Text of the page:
The 2015 joint American Society for Adolescent Psychiatry (ASAP) and International Society for Adolescent Psychiatry and Psychology (ISAPP) Scientific Meeting will be held in New York City, March 26 through 29, 2015. Among the 90 presentations, symposia, workshops, and posters focused on adolescent mental health and substance abuse with 27.25 CME credits offered, I will be presenting two sessions that address adolescent sexuality and sexual development issues.
LGBTQ and Adolescence: Identity, Peers, Family, School and Society
This session offers an evidence-based overview of adolescent sexual development with a focus on mental health assessment for identifying and addressing pathology. It addresses the sometimes confused labels of sexual identity, gender identify, gender role, sexual orientation, and sexual behavior.
Childhood, and in particular adolescence, is a time of exploration and growth across all domains of life. Sexuality and sexual behavior are no exceptions, but are areas not infrequently cloaked in secrecy by both the adolescents and the adults in their lives.
Unlike other realms of growth, these areas can garner more judgmental responses, attempts to control expression, and negative impact on future functioning. These negative consequences can be mitigated through education, understanding, and tolerance by all concerned. The intent of this presentation is to provide tools for education facilitating understanding and tolerance.
“Sexually Violent Predators”: Could Adolescents Meet Criteria?
This presentation addresses adolescent sexual problem/offending behaviors with a focus on “Sexually Violent Predator” law, assessment, and treatment. The goal is to provide attendees with the key components of a diagnostic and sexual offending risk assessment for an adolescent who has committed a sex offense.
In addition, the session includes identification of psychological and somatic interventions to treat and manage sexual problem/offending behaviors by adolescents. The premise is that adolescence is a time of development, personal exploration, and trial and error. As such, new behaviors are attempted and conducted, different paths are tried and at times abandoned, and mistakes are made. Sexual development and behaviors as a facet of human development and existence fit this pattern.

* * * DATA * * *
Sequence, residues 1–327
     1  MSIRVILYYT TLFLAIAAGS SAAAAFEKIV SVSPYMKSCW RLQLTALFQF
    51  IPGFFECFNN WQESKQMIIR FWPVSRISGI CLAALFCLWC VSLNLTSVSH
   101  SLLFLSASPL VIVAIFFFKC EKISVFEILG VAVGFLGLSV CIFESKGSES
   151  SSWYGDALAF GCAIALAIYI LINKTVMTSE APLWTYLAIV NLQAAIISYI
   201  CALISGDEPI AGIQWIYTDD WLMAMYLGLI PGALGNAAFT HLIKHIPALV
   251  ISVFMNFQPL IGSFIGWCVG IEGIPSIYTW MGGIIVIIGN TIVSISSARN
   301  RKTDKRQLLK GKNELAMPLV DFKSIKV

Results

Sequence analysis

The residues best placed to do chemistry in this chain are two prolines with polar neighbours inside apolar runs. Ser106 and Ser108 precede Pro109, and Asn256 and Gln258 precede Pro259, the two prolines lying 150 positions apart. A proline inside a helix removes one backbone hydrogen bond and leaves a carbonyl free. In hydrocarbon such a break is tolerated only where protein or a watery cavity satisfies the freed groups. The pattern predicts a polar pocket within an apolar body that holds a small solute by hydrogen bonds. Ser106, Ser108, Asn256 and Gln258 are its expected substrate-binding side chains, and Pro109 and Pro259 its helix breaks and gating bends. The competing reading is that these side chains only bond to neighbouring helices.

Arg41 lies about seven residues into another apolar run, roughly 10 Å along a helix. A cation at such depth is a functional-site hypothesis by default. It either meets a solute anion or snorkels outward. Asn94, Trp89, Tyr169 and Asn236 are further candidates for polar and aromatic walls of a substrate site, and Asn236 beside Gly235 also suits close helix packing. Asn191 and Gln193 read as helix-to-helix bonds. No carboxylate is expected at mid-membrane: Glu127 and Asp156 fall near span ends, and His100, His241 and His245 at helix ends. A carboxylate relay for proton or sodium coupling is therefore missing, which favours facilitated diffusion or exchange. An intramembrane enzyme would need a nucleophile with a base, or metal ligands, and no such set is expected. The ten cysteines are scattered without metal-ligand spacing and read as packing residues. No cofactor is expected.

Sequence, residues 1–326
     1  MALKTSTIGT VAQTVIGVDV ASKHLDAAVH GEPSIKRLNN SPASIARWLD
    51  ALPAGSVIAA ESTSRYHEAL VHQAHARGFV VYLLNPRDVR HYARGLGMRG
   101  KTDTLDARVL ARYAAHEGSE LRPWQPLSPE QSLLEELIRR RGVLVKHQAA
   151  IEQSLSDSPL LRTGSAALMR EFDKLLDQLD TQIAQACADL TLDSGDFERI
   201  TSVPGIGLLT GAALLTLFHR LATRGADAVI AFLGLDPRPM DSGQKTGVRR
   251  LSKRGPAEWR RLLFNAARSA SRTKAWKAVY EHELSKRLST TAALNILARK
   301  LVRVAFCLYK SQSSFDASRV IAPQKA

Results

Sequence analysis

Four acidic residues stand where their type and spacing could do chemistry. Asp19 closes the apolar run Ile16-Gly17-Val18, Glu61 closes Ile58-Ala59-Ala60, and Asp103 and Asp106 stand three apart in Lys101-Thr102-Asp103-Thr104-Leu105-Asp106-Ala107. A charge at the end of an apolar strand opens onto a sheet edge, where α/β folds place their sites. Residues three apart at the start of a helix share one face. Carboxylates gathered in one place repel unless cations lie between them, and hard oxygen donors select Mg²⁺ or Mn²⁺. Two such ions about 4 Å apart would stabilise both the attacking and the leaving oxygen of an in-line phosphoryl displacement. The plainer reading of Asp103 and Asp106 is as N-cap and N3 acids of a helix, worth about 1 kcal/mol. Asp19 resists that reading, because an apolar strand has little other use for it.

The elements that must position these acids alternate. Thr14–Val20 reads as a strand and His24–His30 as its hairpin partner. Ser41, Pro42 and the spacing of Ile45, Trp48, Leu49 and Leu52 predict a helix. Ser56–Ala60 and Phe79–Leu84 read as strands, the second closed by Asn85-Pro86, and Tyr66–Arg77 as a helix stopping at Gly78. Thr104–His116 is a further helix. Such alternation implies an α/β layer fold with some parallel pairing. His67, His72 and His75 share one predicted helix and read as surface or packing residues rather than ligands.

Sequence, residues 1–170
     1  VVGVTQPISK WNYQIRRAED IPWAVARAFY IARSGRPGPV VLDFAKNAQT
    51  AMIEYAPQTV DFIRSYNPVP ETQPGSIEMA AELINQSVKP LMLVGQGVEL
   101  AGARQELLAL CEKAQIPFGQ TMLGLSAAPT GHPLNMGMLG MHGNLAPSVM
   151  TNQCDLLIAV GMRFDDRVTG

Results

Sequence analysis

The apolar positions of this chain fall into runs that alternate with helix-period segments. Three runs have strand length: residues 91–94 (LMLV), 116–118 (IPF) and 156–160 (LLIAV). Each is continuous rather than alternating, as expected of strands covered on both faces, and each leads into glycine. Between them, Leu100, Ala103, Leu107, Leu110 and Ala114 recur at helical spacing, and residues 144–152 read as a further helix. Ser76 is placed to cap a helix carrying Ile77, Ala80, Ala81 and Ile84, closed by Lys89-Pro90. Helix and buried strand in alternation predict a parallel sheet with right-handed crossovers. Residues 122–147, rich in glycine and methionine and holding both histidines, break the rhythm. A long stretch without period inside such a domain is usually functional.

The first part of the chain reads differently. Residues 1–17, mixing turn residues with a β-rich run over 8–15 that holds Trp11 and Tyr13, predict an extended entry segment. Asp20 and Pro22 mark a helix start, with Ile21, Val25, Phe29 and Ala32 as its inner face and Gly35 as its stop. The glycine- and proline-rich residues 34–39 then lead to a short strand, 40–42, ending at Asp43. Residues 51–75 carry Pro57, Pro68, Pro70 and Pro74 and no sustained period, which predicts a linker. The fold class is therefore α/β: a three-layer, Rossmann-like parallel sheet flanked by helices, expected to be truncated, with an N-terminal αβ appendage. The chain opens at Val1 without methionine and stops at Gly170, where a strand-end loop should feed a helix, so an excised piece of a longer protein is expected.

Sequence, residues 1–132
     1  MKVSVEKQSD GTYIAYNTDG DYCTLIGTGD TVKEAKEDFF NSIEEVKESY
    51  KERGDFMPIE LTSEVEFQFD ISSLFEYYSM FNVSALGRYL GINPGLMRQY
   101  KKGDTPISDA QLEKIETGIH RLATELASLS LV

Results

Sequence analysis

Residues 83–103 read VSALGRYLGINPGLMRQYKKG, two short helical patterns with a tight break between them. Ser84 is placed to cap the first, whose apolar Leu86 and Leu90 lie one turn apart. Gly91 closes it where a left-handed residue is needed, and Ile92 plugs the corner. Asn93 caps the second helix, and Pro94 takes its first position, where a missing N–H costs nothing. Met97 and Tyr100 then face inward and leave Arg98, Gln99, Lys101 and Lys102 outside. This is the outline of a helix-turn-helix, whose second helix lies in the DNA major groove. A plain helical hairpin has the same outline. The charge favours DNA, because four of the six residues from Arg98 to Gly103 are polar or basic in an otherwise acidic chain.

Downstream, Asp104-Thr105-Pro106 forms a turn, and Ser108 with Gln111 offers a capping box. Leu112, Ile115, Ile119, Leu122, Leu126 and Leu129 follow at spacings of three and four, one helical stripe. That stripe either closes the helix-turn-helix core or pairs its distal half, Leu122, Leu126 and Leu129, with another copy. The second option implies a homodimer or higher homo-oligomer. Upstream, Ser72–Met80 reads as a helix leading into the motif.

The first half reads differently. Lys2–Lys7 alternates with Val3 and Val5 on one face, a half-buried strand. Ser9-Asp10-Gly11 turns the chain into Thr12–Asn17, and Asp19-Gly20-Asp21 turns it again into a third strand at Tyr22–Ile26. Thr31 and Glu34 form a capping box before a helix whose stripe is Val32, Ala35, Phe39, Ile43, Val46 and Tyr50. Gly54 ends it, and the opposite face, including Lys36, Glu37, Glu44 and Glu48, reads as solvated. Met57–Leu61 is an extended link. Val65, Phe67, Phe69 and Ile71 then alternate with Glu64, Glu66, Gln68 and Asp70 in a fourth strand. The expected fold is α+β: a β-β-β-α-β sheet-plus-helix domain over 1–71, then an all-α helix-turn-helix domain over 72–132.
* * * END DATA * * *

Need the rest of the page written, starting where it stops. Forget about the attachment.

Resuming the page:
What is defined as appropriate, acceptable, and legal even, is in part a function of social, cultural, medical, governmental, political, and religious definitions. These definitions change and vary across time and populations. “Sexually Violent Predator" is a legal term, which tends to solicit strong reactions from the public at large and government entities responsible for law enforcement and corrections.
What happens when an adolescent’s sexual behavior becomes the focus of these systems? Can, and if yes should, adolescents be given the label of “Sexually Violent Predator”? A review of our evidence-based knowledge will be presented for attendees to consider an answer to this question.
The annual meeting will also feature resumption of ASAP’s certification examination in adolescent psychiatry, which is designed for generally-trained psychiatrists who are either interested in or are actively working with adolescents to gain certification as an expert in the field. For further information regarding the conference or the certification examination, please visit http://adolescent-psychiatry.org/news-events/2015-annual-meeting.
Dr Dwyer is a former ASAP President and the current Director of the Community and Public Safety Psychiatry Division and Sexual Behaviors Clinic and Lab of the Medical University of South Carolina Department of Psychiatry and Behavioral Sciences in Charelston, South Carolina.